The House will vote next week on legislation changing terms of the so-called Paycheck Protection Program that have served as obstacles to some small businesses seeking relief under the forgivable loan program.
“We saw a quick fix on how we could make this work better,” Speaker Nancy Pelosi said during her weekly news conference Wednesday. “We couldn’t ignore that.”
On Friday, after voting for the Democrats’ massive $3 trillion coronavirus relief bill, Rep. Dean Phillips, D-Minn., announced he’d secured a commitment for a vote on his stand-alone bill that would make changes to the small-business loan program sought by hotels, restaurants and other industries.
“Securing a bipartisan vote on this important and time-sensitive legislation makes me more comfortable voting in favor” of the broader aid package, Phillips said in a statement. The $3 trillion package passed the House on a 208-199 vote.
Some of the PPP flexibility sought by Phillips was included in the larger aid bill. But that measure could be headed for protracted negotiations with the GOP-controlled Senate and White House. Meanwhile, affected small businesses say they can’t afford a delay.
FiscalNote, parent company of CQ Roll Call, has received a loan under the Paycheck Protection Program.
Pelosi said the stand-alone bill will extend the time businesses have to rehire employees and qualify for loan forgiveness under the program beyond the existing June 30 deadline. It would also extend the period for paying back portions of the loans that aren’t forgiven beyond two years.
The law that created the program allowed the Small Business Administration to set loan terms up to 10 years, but the agency instead put a two-year due date on them. Extending the loan terms would allow businesses to make smaller payments on the amounts that aren’t forgiven under the program.
The bill would also eliminate the “75-25 rule” implemented by the White House that says businesses have to spend at least 75 percent of the loan on payroll costs and no more than than 25 percent on other expenses like rent and utilities. Pelosi called the rule “debilitating.”
Changes to the 75-25 requirement, which wasn’t spelled out in the law creating the program, would benefit businesses with high capital costs relative to labor expenses, like bars and shops that pay more in rent than wages. Groups like the Independent Restaurant Coalition, which represents about 500,000 smaller, local restaurants, has called for lifting that requirement, although they say they also need a separate bailout to stay afloat.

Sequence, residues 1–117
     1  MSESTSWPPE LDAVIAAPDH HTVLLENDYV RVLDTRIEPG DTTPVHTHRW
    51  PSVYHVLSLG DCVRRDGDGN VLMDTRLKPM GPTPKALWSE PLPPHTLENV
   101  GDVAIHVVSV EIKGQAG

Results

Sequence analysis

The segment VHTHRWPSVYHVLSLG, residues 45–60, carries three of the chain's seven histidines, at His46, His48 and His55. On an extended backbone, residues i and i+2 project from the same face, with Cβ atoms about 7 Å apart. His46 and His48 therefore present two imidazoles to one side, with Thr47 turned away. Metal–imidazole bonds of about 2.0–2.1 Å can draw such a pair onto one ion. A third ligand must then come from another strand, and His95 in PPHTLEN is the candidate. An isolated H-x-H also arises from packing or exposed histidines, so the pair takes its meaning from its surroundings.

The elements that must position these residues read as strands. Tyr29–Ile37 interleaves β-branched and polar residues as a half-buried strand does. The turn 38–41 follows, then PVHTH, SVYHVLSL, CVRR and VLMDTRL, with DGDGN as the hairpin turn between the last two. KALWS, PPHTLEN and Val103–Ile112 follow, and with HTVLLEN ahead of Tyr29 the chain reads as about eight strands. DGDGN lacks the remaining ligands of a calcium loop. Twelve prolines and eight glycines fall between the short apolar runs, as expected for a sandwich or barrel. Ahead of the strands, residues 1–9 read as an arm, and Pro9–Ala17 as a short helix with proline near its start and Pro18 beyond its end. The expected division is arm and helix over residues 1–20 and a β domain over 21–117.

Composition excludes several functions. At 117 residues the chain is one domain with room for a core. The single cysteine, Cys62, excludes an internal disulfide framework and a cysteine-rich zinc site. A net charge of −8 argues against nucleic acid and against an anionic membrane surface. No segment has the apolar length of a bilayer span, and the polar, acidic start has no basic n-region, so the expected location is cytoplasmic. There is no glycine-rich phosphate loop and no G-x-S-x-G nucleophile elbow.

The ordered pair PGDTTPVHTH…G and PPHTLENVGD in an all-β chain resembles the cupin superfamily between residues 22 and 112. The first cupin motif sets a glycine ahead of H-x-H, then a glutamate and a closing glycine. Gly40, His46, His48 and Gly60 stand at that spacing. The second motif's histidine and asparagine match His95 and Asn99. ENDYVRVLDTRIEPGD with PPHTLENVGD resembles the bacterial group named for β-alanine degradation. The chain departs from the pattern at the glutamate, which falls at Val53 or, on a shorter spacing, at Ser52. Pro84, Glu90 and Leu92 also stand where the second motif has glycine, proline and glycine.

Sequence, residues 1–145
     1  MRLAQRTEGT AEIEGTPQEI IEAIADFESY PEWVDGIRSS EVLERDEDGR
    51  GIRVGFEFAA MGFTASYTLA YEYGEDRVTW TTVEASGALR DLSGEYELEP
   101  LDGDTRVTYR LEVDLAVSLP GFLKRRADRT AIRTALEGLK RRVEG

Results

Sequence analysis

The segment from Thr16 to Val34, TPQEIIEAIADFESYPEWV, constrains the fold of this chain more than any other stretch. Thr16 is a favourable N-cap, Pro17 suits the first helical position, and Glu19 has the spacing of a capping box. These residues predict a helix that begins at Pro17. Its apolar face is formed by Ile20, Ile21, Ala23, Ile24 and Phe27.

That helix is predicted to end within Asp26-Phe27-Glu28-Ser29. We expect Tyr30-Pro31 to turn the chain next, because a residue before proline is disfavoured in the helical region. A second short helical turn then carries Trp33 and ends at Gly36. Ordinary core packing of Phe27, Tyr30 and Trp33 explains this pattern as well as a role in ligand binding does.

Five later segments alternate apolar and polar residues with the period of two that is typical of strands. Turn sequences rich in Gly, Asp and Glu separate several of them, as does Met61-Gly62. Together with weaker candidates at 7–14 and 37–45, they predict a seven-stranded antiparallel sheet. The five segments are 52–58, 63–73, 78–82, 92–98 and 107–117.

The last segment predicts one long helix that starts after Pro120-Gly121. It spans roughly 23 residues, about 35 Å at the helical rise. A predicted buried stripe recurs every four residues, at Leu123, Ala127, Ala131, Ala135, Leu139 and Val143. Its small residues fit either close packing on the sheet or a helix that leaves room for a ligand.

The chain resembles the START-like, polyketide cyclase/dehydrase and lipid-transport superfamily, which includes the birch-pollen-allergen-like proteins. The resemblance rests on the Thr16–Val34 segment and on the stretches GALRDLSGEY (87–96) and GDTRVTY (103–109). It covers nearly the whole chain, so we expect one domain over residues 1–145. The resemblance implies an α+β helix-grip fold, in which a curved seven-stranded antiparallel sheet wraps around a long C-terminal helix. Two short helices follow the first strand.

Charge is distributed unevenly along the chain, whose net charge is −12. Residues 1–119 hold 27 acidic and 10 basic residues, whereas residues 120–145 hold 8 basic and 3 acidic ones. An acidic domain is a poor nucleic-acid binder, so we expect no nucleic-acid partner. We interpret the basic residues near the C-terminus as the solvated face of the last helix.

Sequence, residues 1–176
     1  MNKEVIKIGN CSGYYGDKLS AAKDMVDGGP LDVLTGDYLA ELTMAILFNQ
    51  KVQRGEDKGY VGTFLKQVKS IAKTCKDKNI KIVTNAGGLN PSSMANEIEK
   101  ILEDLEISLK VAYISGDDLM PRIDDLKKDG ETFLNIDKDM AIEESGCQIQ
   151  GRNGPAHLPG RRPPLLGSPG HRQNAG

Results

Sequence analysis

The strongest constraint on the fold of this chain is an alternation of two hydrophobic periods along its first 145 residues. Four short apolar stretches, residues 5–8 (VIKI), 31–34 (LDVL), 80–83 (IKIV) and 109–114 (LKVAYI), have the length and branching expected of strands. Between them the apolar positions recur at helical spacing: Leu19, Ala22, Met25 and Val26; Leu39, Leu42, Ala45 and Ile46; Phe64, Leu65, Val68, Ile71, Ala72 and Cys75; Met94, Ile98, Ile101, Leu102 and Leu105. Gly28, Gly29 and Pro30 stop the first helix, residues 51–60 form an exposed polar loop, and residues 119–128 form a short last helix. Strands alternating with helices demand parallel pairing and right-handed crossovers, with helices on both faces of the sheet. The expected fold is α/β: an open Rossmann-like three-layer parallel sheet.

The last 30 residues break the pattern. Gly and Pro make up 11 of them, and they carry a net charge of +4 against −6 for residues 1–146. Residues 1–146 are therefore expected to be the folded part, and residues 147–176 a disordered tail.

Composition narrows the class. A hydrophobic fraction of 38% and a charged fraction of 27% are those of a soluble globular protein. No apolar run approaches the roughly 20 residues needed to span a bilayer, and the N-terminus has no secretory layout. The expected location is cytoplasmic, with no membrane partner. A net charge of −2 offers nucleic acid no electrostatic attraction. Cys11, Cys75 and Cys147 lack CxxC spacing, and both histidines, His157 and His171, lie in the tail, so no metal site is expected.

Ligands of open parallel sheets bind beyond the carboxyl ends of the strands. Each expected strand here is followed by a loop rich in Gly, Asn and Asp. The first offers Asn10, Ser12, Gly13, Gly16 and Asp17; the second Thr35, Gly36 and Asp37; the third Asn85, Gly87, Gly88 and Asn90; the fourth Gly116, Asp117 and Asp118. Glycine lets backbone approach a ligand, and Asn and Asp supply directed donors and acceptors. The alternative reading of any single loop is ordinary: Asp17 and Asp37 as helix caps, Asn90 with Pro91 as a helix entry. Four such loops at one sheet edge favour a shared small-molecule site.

Phillips introduced his stand-alone bill, which includes some provisions also picked up in the larger leadership-backed relief measure, with Texas Republican Chip Roy. Phillips is the only Democrat on the bill, which has four other GOP co-sponsors: Tom Emmer of Minnesota, Fred Upton of Michigan, Brian Fitzpatrick of Pennsylvania and Andy Harris of Maryland.
Their bill would extend the period businesses need to use their loan funds in order to qualify for forgiveness from eight to 24 weeks. It would also ensure businesses that get money under the program can defer payroll taxes under the massive March rescue package, eliminating a restriction on “double dipping” imposed by that law.
Pelosi did not mention Phillips when speaking about the plan for a stand-alone PPP vote during her news conference Wednesday. Instead, she noted that Small Business Chairwoman Nydia M. Velázquez, D-N.Y., gave leadership her blessing for a separate vote.
Senate Small Business Chairman Marco Rubio, one of the architects of PPP, has also been calling for a stand-alone bill to fix issues that have arisen with the program. The Florida Republican told reporters Tuesday that there was a “large consensus around” extending the eight-week time frame for using the loans.
“There’s actually unanimity up here for the most part,” on extending the period to 12 or 16 weeks, Rubio said on “Fox & Friends” on Wednesday morning.
“The only question now is, can we pass it as a clean bill?” Rubio added. “Or are Democrats or someone else going to insist that we add something else to it beyond just that provision, that’s not uncontroversial?”
Lengthening the period when the loans could be used will give small-business owners more flexibility in how they use the money. That will help the hardest-hit businesses, like restaurants and retailers that have been nearly completely closed because of the virus, hold off on reopening until customers feel comfortable going out again.
But it also changes the program’s original intent from simply keeping workers on small-business payrolls to helping the companies themselves recover from the crisis.
Pelosi said she does not see the PPP vote undermining her efforts to get Senate Republicans to negotiate on the broader $3 trillion relief package, which contains roughly $1 trillion in aid to state and local governments.
“No, I’m not worried about that,” Pelosi said. “But this has a sense of urgency about it.”
Jim Saksa contributed to this report.